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A Primer in PA Certification

By Credentialing Resource Center  
   July 11, 2017

With more than 100,000 physician assistants in practice, medical staff leaders must familiarize themselves with the profession, including ways to assess competence, state laws regarding licensure, and the certification process.

This article is excerpted from an article originally published on the Credentialing Resource CenterMay 8, 2017.

Upon completing an accredited PA program, PAs must pass a certification examination in order to become licensed to practice. Those who pass the Physician Assistant National Certifying Examination (PANCE) are issued the Physician Assistant—Certified (PA-C) credential by the National Commission on Certification of Physician Assistants (NCCPA). All states require PAs to be initially certified by NCCPA in order to practice. However, like physicians, recertification is a gray area—not all states/healthcare organizations require maintenance of certification.

PAs who have never been certified are eligible to take PANCE for up to six years after completing their educational program. During that six-year period, PANCE may be taken a total of six times. When either the six attempts or six years are up, the individual loses eligibility to take the exam. At that point, the PA must complete a full-length, accredited PA educational program again.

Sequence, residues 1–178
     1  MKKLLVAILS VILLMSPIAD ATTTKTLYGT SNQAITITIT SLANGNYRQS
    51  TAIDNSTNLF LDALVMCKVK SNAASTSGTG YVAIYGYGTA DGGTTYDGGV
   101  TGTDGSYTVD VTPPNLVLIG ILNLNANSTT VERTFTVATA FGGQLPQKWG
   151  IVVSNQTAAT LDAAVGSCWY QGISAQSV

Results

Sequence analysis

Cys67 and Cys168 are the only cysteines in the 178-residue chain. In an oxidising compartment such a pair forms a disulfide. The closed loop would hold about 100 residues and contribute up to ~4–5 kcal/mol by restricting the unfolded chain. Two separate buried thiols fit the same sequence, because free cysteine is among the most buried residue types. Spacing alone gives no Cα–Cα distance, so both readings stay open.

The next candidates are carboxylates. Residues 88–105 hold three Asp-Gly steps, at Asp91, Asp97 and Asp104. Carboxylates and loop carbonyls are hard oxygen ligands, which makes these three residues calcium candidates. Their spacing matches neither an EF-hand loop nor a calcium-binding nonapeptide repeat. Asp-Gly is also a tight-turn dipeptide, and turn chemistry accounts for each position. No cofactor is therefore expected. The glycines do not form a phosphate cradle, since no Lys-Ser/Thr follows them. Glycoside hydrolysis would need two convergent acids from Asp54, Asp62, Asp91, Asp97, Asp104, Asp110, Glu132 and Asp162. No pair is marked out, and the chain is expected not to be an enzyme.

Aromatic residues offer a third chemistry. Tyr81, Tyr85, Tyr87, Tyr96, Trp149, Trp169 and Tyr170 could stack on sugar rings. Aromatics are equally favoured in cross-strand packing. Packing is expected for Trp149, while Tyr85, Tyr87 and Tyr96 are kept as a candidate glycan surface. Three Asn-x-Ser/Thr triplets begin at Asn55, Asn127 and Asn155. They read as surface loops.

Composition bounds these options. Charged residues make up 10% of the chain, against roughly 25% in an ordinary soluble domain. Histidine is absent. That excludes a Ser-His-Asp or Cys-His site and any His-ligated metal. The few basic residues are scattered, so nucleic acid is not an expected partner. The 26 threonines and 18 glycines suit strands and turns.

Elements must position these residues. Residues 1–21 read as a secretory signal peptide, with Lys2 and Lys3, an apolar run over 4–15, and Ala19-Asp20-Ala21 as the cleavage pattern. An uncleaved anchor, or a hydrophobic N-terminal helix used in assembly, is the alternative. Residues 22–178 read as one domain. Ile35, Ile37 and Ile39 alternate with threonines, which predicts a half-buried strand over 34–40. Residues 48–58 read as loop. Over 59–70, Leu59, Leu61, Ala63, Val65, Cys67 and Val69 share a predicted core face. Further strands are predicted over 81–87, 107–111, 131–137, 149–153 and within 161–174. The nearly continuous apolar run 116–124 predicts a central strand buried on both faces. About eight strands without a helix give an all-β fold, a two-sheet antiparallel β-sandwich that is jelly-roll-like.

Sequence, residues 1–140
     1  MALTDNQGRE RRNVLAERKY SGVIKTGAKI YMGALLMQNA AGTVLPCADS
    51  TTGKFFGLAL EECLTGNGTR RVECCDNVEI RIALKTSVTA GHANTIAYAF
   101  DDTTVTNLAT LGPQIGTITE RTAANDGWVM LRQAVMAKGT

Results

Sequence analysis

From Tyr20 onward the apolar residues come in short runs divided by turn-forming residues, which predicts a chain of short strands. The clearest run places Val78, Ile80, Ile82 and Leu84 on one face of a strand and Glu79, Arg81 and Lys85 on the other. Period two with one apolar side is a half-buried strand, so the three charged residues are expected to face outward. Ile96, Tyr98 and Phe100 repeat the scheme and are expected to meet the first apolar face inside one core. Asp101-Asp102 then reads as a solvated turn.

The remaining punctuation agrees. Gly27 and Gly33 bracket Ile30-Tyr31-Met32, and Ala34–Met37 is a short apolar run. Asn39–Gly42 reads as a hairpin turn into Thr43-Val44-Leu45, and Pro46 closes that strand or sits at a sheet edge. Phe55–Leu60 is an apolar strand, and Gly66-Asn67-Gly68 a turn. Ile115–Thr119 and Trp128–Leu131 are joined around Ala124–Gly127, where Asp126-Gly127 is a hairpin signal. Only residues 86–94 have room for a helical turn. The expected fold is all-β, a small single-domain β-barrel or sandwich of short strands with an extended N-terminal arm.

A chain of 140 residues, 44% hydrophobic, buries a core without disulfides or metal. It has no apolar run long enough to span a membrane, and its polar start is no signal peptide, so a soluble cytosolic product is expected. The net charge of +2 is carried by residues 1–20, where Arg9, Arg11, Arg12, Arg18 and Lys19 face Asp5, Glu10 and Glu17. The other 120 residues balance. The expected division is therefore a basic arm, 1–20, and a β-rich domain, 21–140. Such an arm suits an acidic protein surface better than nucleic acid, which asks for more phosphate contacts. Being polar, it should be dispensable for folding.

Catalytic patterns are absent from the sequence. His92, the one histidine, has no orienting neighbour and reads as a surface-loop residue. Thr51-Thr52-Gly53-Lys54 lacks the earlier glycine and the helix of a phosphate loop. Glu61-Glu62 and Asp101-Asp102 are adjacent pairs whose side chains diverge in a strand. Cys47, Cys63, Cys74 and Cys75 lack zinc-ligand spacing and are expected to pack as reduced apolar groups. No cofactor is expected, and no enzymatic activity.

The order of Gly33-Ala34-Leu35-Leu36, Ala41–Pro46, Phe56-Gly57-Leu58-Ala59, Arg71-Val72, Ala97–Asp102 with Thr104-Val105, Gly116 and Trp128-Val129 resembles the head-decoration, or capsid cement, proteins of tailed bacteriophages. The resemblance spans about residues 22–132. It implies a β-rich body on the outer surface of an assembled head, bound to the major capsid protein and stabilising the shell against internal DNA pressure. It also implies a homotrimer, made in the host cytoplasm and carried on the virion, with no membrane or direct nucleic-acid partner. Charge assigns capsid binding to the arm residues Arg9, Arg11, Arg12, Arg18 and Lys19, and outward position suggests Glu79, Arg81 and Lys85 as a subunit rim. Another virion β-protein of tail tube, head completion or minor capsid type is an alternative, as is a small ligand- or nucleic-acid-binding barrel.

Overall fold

“For students who have sat through 2.5–3 years’ program of education, that certification exam is like a culminating event. It brings together their entire curriculum and entire clinical training,” says Dawn Morton-Rias, Ed.D, PA-C, president & CEO of NCCPA.

“In a way it serves the same purpose as physician certification. Back in the day, there were general practitioners. Now when people say they are board-certified physicians, it puts another layer on their expertise. I think the same is true for PAs,” says Ann Davis, MS, PA-C, vice president of constituent organization outreach and advocacy for the American Academy of Physician Assistants (AAPA).

The PANCE certification is not specialty-specific; instead it assesses basic medical and surgical knowledge. Daniel Pace, chief strategy officer/vice president of education and research for AAPA, says that this generalist certification has allowed PAs to be adaptable to the changing needs of the healthcare system. “The fact that a PA can be certified and work in one specialty and then move to another specialty where there may be a shortage has always been an asset to individual PAs and the healthcare system.”

Organizations must decide how they will use certification when assessing the competence of PAs.

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